Foodservice Equipment Reports

NAFEM, Refrigeration Makers Fight EPA Refrigerant Phase-out Deadline

Since the 1987 Montreal Protocol first addressed and banned substances that deplete the earth’s ozone layer, phasing out refrigerants and chemicals deemed harmful to the environment has been an ongoing issue for refrigeration manufacturers. Today, the industry is facing the most sweeping, most accelerated and, according to NAFEM and the 155 refrigeration manufacturers it represents, most impossible-to-achieve change ever considered.

A proposed rule announced on July 10 by the U.S. Environmental Protection Agency would terminate the use of certain hydrofluorocarbons (HFCs) with high global-warming (GWP) potential.  The EPA’s proposal would phase out all currently used refrigerants (R134a, R404A, R407A, R407C, R410A, R507A, R12-22-502 and other blends) in manufacturing and the aftermarket within 18 months. The ban would go into effect Jan. 1, 2016, and leave only a handful of options for keeping food cold (and homes and businesses cool). Commercial refrigeration manufacturing is just one of the industries that rely on the affected HFCs, but it has the earliest deadline for the changeover.

Replacement refrigerants included in current discussions include ethane, isobutane, propane, R441A (HC blend) and HFC-32. Because these refrigerants are flammable, the EPA also is planning to propose “appropriate use” conditions. None comes close to ideal; all are either flammable, dangerous or create difficult design challenges.

The issue, however, is not whether low-GWP refrigerants make sense but the 2016 compliance date, which NAFEM and refrigeration manufacturers say is unrealistic and unworkable. NAFEM has been deeply involved with discussions on the proposed status change, urging the EPA to consider the technical and economic feasibility of transitioning from the HFCs to the substitute chemicals as well as a realistic timetable to make the transition. NAFEM has gone on record protesting that the proposed rule dramatically and suddenly reduces the variety of refrigeration options and products in the marketplace. Additionally, the elimination of R134a as a blowing agent in insulation means a costly conversion process, which limits a manufacturer’s ability to manufacture custom products. 

As stated on its website, NAFEM maintains the proposed rule creates a number of safety and business concerns:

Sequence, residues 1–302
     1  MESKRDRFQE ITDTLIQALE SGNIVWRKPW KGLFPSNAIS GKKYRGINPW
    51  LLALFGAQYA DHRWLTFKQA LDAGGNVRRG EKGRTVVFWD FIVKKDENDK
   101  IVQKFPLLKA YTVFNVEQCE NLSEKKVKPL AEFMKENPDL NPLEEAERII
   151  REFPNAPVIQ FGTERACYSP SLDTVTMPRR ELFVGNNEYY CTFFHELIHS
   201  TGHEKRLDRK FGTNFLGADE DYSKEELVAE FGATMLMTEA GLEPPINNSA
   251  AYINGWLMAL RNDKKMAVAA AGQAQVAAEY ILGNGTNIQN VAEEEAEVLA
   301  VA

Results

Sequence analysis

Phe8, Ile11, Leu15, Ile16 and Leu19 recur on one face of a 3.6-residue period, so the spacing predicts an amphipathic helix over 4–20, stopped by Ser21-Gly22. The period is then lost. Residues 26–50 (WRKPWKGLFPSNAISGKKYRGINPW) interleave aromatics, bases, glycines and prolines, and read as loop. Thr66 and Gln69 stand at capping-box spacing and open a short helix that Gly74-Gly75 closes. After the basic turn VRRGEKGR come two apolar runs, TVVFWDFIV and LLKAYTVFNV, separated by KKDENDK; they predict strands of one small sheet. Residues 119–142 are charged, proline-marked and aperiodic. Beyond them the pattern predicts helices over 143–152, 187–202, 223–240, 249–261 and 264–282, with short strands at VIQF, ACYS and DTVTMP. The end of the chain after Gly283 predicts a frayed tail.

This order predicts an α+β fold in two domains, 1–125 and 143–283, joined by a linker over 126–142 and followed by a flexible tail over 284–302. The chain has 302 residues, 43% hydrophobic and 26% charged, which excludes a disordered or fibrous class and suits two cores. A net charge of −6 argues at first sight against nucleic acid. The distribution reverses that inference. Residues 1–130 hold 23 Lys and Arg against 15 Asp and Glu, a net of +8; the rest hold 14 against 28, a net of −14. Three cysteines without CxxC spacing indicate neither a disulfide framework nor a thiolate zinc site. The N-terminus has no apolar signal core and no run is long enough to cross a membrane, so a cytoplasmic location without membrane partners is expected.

• Causes flammability, affects factories, service and operators and may conflict with local codes.
  • Places undue burden on small businesses, including but not limited to cost increases that must be passed on to operators, such as research and development, listing, plant retrofit, insurance, distribution and employee training.
  • Increases operators’ desire to extend the lifetime of older products.
  • Limits a manufacturer’s ability to conduct product-quality reviews and develop new products.

Most importantly, NAFEM maintains that at a minimum, the EPA should consider extending the compliance time to accommodate small businesses, because a manufacturer with hundreds of products, whether specialized and customized, could require at least 10 years to design a product complaint with the EPA’s Significant New Alternatives Policy (SNAP). 

Adding to the issue is the proposal’s variance with new Energy Star standards from the U.S. Department of Energy. In a final rule issued in late March, the DOE issued updated standards for commercial refrigeration equipment first set in 2009 and outlined more stringent energy-conservation standards. In June, NAFEM filed a petition for review in the U.S. Court of Appeals against the DOE’s final rule.

The association met in April with the EPA’s SNAP team to discuss the industry’s position and concerns and had seats at the Small Business Association’s Advocacy Environmental Roundtable on Aug. 1. The NAFEM delegation, led by Refrigeration Chair Mary Dane, stated that—in consideration of normal product-development cycles and the lack of commercially available components and refrigerants and the 2017-18 DOE requirements, as well as the European Union’s 10-year head start on engineering, formulating refrigerants, testing and training—that the timeframe for the changeover be adjusted and set for 2025.

The EPA is now developing final regulations for its low GWP refrigerants rule. NAFEM's website is the proper channel for finding more advocacy information on these issues. If more detailed information is needed, contact Charlie Souhrada, NAFEM’s director-member services, at

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